CHAPTER 5
ECOSYSTEMS AND EVOLUTIONARY CHANGE

I. What is Evolution? Evolution is the change in the gene pool over time.

A. What is the Gene Pool.
1. It is all the various genes in a species

B. What is a gene?

1. A gene is the sequence of bases on DNA that code for a protein

2. What is DNA?

a. Deoxyribonucleic acid consists of:
·deoxyribose (a sugar with one oxygen)
·phosphate
·base
- purines: adenine and guanine
- pyrimidines: thymine and cytosine
b. The three molecules that constitute DNA are called nucleotides and because
nucleotides repeat themselves throughout the DNA molecule, DNA is called a
polymer.
c. The DNA molecule consists of two strands of the repeating deoxyribose,
phosphate, and base sequence. The bases in one strand match with predicatable
bases on the opposite strand of the repeating nucleotides (adenine, thymine and
guanine, cytosine).
d. Two double-stranded DNA molecules combine to form a chromosome.

C. What is a Chromosome?

1. Chromosomes comprise two DNA molecules (two double-stranded helixes).
2. Each chromosome contains many genes.
3. Different species have different number of chromosomes. The human female has
23 homologous pairs of chromosomes, whereas the human male has 22 homologous
chromosomes and 1 nonhomologous chromosome.

D. What is a Gene?

1. A gene is a sequence of bases on DNA that code for a specific protein. Genes
specify proteins and proteins determine everything else.

2. Genes determine
a. Physical traits, e.g., height, body build, and hair color
b. Metabolic traits, e.g., allergies and ability to process alcohol
c. Growth and Development, e.g., onset of puberty and menopause

E. If genes are found on the DNA, and humans all have the same kind of genes, then why
don't we all look identical?

1. Alleles: are the different forms in which a gene can be found. The different forms
of an allele are slightly different base sequences for the gene. Each human has, except
for men on their one nonhomologous chromosome, two alleles for each gene; one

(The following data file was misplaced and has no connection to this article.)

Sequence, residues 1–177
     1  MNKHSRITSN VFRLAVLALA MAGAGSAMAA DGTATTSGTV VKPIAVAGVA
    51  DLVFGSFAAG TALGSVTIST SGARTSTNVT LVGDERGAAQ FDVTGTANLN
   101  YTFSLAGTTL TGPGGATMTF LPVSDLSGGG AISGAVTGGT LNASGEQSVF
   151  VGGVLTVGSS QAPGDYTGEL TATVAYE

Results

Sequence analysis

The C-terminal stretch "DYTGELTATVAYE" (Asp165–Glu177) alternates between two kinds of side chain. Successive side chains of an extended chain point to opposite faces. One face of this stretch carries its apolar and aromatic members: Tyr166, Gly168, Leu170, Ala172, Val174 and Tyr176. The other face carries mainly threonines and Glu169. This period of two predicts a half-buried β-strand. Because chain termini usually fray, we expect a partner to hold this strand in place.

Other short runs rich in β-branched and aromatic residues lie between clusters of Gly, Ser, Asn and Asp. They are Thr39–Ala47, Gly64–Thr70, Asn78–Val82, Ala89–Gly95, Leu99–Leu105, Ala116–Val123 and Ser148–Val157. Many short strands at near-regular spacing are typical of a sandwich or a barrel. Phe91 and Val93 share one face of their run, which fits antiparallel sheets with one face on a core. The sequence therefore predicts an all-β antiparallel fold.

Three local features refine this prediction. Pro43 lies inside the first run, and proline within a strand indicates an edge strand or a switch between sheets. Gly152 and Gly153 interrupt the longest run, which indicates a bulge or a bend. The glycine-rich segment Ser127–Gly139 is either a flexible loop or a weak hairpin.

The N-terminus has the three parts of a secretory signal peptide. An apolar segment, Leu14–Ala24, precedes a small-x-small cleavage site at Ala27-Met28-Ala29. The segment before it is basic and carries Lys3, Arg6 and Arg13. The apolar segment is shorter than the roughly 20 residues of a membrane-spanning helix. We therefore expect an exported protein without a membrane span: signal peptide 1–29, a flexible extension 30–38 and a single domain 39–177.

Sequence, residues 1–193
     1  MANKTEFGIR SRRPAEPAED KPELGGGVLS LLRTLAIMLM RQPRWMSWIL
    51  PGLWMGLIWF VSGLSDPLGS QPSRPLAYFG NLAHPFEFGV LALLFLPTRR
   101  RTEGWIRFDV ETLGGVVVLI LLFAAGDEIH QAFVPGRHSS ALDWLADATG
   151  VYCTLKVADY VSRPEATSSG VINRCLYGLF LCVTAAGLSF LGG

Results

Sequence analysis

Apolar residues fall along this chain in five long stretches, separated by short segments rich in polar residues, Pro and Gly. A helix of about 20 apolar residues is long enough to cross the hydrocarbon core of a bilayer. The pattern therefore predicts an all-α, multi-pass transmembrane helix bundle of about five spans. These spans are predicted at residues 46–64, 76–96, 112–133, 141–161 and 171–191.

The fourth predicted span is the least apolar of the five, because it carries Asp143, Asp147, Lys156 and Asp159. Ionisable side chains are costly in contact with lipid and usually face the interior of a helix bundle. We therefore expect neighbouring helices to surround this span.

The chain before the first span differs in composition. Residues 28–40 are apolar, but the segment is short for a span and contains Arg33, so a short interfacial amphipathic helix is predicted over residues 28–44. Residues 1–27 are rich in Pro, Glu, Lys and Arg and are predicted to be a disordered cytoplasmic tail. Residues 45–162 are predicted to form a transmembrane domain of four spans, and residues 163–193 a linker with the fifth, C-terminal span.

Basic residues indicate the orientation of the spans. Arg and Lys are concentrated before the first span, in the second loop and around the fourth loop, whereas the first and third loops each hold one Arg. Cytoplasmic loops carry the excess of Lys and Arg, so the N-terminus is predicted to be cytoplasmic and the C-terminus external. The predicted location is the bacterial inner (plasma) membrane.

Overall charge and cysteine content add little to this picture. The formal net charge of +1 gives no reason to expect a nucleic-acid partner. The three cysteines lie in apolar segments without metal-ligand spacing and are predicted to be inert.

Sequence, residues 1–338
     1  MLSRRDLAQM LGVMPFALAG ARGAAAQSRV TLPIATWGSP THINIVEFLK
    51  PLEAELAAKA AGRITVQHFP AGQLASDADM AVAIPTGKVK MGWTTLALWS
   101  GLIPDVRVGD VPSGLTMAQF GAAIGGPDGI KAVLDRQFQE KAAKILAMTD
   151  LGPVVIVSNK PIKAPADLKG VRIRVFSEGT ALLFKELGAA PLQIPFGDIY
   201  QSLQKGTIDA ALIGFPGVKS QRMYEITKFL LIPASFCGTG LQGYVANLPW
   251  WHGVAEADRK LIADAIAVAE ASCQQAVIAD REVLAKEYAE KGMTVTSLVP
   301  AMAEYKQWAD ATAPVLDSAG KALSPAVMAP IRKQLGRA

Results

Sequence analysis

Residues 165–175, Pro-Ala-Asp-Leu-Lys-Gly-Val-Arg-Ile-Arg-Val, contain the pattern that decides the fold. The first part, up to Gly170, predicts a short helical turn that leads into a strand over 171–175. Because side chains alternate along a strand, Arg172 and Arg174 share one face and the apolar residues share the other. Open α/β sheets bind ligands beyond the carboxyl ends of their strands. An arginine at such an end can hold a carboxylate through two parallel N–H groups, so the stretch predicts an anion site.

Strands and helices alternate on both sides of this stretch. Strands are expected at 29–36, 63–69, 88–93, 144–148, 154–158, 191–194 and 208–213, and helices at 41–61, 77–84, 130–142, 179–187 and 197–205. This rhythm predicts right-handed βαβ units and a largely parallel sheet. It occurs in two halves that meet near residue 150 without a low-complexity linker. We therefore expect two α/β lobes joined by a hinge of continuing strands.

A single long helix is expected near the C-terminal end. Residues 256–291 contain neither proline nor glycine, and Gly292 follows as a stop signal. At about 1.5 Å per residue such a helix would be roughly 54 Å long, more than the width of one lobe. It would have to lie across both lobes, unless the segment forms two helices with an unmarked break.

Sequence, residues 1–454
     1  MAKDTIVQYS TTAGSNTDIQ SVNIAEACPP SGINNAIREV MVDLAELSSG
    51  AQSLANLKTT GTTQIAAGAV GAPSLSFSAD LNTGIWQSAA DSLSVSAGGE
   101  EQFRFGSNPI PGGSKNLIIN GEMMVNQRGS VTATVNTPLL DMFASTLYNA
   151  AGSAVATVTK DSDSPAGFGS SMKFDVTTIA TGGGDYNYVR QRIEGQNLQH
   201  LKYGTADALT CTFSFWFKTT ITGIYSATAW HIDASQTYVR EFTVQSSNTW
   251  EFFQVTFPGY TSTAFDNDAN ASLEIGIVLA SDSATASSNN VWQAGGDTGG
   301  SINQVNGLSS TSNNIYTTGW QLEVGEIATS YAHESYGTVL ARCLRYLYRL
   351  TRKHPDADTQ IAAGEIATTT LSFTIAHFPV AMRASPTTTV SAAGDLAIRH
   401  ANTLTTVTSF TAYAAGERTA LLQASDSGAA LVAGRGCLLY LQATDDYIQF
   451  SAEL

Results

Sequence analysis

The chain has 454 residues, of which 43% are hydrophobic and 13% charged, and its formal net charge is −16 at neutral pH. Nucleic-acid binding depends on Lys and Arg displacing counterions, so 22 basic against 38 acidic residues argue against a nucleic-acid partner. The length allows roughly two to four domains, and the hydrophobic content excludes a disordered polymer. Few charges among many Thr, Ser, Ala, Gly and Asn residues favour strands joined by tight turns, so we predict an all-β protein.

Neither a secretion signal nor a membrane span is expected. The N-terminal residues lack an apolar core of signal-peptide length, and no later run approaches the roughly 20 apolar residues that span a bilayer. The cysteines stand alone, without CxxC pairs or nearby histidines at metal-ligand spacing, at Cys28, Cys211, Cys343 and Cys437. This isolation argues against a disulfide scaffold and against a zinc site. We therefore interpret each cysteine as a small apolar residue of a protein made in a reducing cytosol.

allele comes from each parent.
a. Blood Type: There are three alleles that code for different sugars or no sugar.
An individual can be aa, ao (type A blood), bb, bo (type B blood), ab (type AB
blood), or oo (type O blood). [The o allele is recessive; it does not code for a
sugar.]

F. How are New Alleles Created?

1. Mutations
a. Spontaneous - no known reason
b. Ultraviolet radiation
c. X-rays
d. Some chemicals, e.g., chromium, nitrosamines, acetylaminofluorene
ethylnitrosourea, diethyl sulfate
2. The process is random and can occur anywhere along the chromosome or on any
chromosome.

G. The gene pool is all the different alleles of each gene and all the genes that exist in a
population.

H. This means that evolution is the change in the types of alleles of a gene over time,
which expands the gene pool.
1. Although the creation of new alleles is a random process, evolution is not a random
process.
2. Evolution is a result of environmental factors.
Fig. 5.2 In each generation, the shortest-legged pups are selected as parents of the next generation. The lines represent the variation in leg length for a generation. As this process is repeated, the desired feature is gradually developed.
Fig. 5.4A The five categories listed at the left are the basic essentials for the continuation of every species. Each feature of every species can be seen in terms of an adaptation that enables the species to meet its need in one or more of these categories.
Fig. 5.4B In each case, a multitude of features will accomplish the same function. Thus, a tremendous diversity of species exists, each adapted in its own special way.
Fig. 5.5 Specific proteins determine and control physical structure, metabolism and other hereditary attributes of the organism.  The DNA molecule is constructed so that it can be chemically replicated, and the coded information may be passed on.